2012 continued the pattern of disenchantment with what Hilda's dubbed "the static." You know The Static. You used to read it. Remember when every lie uttered by Bully Boy Bush resulted in an angry column (and eventually a book) by Joe Conason? Or maybe when David Corn was doing the same? The community's old enough to remember when Guantanamo was an evil that had to be closed (it's still open) and when spying on Americans was considered outrageous (it got extended last week). We can remember when campaign finance reform matter (before the 2008 general election when Barack became the first presidential candidate of the two major parties to forgo public financing). We can remember when wars of choice were protested.
How many hours did we waste back then on Air American Radio and Pacifica Radio listening to people jaw away about ethics? Only to find those still on the air today make excuses for Barack's wars, for Barack's stabs in the back. Only to discover that all the things that mattered and matter to us were just political footballs for most of the pundit set as they went after Bully Boy Bush.
"Count all the votes"? The cry of 2000 after the theft of the election? Hell, in 2008, the Democratic Party was giving Barack votes Hillary won -- giving him votes in a state (Michigan) that he wasn't even on the ballot of -- because he chose to pull his name from that ballot.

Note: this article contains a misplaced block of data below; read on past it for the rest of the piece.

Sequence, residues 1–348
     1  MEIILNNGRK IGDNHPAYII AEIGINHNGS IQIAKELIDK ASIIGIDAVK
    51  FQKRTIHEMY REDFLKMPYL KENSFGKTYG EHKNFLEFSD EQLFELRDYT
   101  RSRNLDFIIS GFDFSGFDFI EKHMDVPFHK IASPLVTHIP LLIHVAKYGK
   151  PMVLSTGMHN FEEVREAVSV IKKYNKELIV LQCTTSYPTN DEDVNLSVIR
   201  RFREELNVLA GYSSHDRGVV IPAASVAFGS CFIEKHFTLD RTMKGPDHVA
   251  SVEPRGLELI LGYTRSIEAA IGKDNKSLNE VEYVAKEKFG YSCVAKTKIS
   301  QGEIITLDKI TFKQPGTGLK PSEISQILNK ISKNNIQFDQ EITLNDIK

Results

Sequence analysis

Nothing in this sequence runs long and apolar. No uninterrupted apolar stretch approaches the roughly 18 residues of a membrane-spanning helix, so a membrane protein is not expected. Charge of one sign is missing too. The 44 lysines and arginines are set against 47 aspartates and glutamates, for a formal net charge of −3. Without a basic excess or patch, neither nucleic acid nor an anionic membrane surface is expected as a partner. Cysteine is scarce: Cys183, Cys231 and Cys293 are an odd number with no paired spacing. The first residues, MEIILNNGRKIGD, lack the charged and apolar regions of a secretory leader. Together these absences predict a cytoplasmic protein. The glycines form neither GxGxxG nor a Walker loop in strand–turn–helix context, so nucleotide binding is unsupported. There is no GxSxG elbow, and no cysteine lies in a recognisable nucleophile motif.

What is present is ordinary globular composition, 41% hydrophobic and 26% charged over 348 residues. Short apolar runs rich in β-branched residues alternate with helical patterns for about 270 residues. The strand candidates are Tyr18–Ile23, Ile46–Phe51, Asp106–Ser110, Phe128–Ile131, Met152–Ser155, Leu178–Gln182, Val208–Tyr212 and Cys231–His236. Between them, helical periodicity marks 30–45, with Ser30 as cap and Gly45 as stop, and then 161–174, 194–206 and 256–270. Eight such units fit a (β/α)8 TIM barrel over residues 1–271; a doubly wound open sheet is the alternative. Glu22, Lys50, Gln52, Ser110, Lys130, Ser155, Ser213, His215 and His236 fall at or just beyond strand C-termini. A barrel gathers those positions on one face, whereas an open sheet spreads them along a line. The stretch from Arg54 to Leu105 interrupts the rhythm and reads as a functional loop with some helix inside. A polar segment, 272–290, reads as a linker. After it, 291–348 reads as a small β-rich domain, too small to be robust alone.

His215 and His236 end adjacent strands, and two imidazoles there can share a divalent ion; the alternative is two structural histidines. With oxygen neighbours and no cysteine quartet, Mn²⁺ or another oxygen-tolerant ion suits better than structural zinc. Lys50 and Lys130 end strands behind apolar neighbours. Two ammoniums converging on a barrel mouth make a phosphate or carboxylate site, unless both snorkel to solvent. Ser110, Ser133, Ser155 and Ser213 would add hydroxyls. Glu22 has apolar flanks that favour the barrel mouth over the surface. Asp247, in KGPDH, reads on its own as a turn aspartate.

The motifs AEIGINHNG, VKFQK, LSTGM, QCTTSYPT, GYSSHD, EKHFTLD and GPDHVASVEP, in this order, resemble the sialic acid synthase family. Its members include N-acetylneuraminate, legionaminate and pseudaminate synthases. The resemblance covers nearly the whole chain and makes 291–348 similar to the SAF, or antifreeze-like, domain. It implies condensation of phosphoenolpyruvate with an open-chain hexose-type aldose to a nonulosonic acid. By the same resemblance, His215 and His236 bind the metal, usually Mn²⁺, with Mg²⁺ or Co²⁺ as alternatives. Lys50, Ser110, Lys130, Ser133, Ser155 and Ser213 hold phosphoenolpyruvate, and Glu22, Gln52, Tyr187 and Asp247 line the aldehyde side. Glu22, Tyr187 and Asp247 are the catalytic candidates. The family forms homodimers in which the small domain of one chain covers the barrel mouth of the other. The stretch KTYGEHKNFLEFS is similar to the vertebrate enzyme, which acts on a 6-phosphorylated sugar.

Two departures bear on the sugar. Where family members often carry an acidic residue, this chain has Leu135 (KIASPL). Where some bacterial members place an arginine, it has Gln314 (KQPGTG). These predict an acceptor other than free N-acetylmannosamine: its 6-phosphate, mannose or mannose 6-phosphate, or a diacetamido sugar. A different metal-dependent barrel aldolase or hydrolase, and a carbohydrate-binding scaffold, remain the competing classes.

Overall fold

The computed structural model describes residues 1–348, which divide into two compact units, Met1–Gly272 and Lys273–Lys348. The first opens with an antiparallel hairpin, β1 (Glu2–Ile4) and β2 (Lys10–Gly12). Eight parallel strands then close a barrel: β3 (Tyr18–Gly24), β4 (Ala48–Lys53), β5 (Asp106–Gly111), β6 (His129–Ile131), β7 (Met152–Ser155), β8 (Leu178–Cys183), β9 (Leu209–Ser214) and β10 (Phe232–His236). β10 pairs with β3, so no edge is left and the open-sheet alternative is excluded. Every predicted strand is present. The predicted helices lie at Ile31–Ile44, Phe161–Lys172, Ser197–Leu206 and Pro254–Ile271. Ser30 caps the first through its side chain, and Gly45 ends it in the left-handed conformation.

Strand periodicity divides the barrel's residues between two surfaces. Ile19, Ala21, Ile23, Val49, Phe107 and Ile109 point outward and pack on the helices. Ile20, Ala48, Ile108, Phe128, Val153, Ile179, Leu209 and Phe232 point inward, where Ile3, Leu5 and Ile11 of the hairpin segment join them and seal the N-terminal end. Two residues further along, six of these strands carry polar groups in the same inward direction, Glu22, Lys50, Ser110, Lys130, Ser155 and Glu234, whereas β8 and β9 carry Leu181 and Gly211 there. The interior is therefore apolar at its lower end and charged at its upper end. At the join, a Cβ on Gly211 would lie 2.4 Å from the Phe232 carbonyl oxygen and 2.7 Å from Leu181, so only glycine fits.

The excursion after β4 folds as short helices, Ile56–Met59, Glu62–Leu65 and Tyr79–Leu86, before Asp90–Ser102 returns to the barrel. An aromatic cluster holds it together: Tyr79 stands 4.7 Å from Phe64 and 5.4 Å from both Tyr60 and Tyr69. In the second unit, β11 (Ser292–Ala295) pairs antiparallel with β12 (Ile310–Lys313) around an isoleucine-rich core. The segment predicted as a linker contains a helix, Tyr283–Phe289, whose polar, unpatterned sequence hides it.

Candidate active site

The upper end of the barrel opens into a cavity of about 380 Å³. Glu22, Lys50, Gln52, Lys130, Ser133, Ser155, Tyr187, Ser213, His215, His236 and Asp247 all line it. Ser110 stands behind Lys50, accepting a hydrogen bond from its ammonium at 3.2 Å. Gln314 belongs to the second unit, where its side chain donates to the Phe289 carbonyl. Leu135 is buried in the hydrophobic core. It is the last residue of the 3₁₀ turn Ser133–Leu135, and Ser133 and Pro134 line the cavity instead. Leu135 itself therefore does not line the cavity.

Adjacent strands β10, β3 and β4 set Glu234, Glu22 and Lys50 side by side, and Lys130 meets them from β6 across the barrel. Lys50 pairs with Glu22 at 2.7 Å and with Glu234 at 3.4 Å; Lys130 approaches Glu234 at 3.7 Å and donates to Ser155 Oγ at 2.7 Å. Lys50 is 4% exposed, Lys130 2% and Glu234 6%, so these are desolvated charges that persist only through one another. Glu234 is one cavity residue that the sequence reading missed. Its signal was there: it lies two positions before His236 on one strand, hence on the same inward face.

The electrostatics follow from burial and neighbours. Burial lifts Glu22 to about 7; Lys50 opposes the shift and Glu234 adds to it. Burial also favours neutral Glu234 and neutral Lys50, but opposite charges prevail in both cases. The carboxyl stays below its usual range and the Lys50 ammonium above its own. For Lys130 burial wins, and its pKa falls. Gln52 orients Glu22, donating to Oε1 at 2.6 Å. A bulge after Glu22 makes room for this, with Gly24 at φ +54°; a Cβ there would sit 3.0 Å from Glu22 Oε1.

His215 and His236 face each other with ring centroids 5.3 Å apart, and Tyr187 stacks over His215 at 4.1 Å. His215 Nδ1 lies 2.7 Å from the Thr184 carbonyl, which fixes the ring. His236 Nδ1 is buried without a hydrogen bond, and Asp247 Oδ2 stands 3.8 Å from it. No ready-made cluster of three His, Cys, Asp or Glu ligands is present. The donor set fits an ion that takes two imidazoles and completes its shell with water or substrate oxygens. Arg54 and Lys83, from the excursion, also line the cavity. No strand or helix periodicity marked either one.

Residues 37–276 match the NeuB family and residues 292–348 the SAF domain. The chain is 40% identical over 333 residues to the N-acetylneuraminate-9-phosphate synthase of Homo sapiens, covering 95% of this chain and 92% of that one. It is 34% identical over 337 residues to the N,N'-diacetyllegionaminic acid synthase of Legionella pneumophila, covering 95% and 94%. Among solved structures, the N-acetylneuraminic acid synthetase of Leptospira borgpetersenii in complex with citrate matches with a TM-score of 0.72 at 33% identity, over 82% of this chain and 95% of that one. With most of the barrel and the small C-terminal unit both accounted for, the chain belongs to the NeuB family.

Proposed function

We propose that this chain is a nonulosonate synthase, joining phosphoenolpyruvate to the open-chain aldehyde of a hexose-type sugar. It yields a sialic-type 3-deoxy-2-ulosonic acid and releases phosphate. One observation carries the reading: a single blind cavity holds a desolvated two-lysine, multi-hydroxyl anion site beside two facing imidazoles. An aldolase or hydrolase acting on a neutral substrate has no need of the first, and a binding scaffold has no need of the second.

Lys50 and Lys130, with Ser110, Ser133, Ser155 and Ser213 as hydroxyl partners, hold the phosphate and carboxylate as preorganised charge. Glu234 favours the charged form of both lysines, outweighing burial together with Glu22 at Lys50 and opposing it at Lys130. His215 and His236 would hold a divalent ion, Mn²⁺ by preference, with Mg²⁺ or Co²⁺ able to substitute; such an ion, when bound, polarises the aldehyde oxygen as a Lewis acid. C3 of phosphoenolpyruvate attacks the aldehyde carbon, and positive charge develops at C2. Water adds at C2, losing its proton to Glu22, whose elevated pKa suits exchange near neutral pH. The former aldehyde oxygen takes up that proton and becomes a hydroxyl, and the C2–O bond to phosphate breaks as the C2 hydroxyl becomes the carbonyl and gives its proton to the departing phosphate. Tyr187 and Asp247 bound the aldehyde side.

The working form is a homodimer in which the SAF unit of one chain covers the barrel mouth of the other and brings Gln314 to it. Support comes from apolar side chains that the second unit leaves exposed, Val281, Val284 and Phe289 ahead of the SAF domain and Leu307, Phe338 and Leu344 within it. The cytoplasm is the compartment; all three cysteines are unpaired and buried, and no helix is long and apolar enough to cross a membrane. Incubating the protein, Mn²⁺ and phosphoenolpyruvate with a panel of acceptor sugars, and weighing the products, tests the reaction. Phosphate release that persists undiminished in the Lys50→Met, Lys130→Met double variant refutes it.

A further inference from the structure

The Static is just a bunch of noise that doesn't have any real meaning to the writer. It's the equivalent of tossing everything and the kitchen sink at a political foe in the hopes that something will stick. Producers of The Static include Conason, Corn, Jim Hightower, Amy Goodman, Matthew Rothschild, Jane Mayer, Randi Rhodes, Kris Welch, Naomi Klein, Keith Olbermann, Aimee Allison, and many others who could publish a dated suicide note tomorrow and it still wouldn't interest us. They have no ethics and only pretend to care about issues like war and peace and the people of the world. They exist to whore for Democrats and what we really need on the left is a vice raid. If that happened, the only pundits left standing on our side might be Chris Hedges (who wrote the community favorite Death of the Liberal Class) and Cindy Sheehan.
Until that happens, don't expect too many of us to pick up 'political' books -- both because we no longer trust the authors and also because we don't want to support their whoring.
As with last year, biographies were popular, especially autobiographies. There were big books and small books. In the end, the most popular ten, as voted by members of this community, were . . .